There’s no straightforward means of reducing poverty where poverty is a result of an individual’s lifestyle choice. How is Pastor Williamson going to prevent promiscuous men and women from conceiving children out-of-wedlock, who will thereby lack the stability of a two-parent home?

“With that being said, it’s fair to ask another question also: How can we call ourselves Christians and not care about the poor?”

What about people who don’t care about themselves? Who don’t care about their own children?

What makes Pastor Williamson think we have all that much control over the behavior of consenting adults?

“We must assess and address the systems that help produce and perpetuate poverty in this nation.”

Of course, this is just warmed over Marxism, and it turns a blind eye to actual sources of poverty within his own community.

“Therefore when voting it’s up to each individual Christian to determine how God would have him or her to vote. How God leads one to vote will be different from how He leads another person to vote.”

I see. Does he lead people to vote for David Duke and George Wallace?

“God knows we all have different experiences and perspectives that factor into our decisions.”

If that’s the basis on which God leads us, then God isn’t leading us—he’s following us.

“This means we are not permitted to judge our brothers on their political choices because that leads to self-righteousness and contempt (Romans 14:1-12).”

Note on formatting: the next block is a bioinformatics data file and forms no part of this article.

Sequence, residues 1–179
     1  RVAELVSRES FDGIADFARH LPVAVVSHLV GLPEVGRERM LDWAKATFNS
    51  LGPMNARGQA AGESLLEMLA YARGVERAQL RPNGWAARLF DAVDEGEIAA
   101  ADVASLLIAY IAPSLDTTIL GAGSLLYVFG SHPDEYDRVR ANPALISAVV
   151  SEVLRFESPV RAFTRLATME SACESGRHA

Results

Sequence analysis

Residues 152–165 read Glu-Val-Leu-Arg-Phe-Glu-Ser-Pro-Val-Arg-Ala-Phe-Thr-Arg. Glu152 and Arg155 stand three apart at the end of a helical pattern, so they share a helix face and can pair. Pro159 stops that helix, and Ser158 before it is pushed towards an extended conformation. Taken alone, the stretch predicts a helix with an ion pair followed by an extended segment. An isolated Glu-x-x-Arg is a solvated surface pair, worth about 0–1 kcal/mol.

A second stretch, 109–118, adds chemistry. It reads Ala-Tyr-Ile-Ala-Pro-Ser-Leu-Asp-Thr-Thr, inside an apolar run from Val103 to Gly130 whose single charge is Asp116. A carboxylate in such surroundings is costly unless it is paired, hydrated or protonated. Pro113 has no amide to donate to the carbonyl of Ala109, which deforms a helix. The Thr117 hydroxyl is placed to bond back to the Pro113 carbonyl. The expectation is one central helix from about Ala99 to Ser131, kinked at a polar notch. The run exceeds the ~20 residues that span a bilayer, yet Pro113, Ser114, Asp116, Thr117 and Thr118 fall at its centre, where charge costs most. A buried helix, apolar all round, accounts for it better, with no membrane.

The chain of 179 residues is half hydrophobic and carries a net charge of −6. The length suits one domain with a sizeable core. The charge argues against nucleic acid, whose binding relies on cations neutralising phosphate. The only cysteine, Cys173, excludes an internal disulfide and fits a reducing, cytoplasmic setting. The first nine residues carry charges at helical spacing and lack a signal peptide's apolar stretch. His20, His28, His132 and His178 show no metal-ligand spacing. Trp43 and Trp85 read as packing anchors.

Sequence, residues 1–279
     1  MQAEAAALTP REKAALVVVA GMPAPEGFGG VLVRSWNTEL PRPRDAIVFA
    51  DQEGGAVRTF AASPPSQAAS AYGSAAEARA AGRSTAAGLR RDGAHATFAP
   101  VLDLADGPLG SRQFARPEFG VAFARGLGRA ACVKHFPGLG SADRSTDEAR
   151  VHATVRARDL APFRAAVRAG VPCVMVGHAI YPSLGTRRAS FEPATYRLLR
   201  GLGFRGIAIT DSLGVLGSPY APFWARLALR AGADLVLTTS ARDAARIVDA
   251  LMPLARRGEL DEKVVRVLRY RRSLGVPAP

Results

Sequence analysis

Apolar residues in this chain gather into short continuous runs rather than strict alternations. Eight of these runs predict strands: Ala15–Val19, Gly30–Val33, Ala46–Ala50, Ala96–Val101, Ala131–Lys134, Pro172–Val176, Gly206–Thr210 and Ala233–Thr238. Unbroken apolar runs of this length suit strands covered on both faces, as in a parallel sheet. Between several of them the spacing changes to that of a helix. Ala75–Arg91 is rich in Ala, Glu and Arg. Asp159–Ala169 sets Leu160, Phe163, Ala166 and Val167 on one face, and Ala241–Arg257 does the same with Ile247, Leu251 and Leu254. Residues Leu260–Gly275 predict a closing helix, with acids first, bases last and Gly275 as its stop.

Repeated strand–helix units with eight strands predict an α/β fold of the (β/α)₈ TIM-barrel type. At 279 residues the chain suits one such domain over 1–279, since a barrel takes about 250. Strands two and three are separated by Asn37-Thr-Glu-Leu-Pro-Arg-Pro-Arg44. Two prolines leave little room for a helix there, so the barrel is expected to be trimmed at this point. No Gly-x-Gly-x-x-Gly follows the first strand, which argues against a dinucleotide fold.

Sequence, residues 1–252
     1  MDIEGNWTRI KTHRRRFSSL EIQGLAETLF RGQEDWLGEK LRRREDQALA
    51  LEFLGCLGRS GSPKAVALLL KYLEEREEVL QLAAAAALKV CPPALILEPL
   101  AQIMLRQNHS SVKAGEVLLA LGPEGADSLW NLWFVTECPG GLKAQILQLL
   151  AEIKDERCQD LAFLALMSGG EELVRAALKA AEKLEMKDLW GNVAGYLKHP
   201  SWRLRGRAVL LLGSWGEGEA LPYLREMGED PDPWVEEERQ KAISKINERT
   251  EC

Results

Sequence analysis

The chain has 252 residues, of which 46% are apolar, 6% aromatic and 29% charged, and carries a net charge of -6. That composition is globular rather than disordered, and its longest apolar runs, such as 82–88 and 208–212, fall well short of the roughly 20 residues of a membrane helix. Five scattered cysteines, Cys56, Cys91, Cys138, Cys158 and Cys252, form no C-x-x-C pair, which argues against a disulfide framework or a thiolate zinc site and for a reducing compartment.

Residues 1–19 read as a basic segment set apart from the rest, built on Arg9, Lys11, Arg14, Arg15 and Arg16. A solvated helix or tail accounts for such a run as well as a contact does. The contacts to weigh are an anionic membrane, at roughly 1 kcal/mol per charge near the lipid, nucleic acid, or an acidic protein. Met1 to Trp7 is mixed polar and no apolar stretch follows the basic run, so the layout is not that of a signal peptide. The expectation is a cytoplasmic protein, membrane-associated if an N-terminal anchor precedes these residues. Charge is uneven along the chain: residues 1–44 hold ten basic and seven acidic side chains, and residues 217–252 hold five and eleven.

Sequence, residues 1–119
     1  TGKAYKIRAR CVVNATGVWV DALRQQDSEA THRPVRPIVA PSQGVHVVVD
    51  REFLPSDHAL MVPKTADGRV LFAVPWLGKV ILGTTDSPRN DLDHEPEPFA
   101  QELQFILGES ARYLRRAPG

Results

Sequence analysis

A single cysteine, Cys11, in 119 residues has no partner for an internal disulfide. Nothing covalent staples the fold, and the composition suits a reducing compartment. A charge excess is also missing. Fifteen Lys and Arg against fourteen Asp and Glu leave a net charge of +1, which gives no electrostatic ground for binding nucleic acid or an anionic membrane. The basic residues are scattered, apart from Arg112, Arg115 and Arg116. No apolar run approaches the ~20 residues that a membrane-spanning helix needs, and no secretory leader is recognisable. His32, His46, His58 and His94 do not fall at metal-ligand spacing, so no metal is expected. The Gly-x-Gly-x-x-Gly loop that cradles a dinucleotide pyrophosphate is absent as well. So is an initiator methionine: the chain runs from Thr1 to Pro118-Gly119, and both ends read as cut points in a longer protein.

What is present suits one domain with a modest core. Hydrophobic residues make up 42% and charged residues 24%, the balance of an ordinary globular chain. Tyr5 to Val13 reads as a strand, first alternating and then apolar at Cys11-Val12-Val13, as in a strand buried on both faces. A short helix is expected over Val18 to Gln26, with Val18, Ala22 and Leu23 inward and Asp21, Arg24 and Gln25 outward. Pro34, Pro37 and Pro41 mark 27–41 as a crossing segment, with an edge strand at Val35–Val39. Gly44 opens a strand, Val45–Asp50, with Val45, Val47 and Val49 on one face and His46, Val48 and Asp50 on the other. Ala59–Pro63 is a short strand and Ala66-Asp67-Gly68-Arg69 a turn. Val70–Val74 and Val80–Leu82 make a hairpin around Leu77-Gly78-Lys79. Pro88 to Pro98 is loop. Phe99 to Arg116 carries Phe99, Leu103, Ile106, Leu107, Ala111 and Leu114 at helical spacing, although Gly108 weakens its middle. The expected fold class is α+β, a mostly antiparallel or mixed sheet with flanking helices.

i) If some of his parishioners were skinheads and Neonazis, I wonder if he’d be so tolerant. What if his associate pastor was a Kleagle for the KKK?

ii) More to the point, the NT can be quite judgmental of professing believers whose conduct is out of step with their Christian profession.

“We will vote our choice for President but we must bear in mind that God Himself has already elected the next President in eternity past (Psalm 75:6-7)! Therefore, let us stop fretting, fighting and judging and trust God’s wisdom and eternal plan.”

If he’s going to retreat into fatalism or hyper-Calvinism, then he can spare us the social gospel. Wasn’t Jim Crow part of God’s eternal plan?


  1. Help me out. What's the answer to the last question and what's the connection to hyper-Calvinism in this context?

  2. We don't know in advance who God decreed to be president. Moreover, God uses our votes to achieve his appointed end. Therefore, it's misleading of Williamson to insinuate that it doesn't matter who we vote for, or that we shouldn't judge other voters based on their voting patterns. Indeed, his position is incoherent. He's trying to play both sides of this issue.

    On the one hand, he clearly things it does matter which party you vote for. His own sympathies lie with the Democrat party. On the other hand, he acts as if the consequences don't matter for purposes of judging another voter.

    He also makes the mistake of acting as if predestination implies divine approval for the outcome. That's not the case. Pharaoh is a means to an end. That doesn't imply God's approval of Pharaoh.

  3. Steve - Could the Church in any way tell us who to vote for national elections?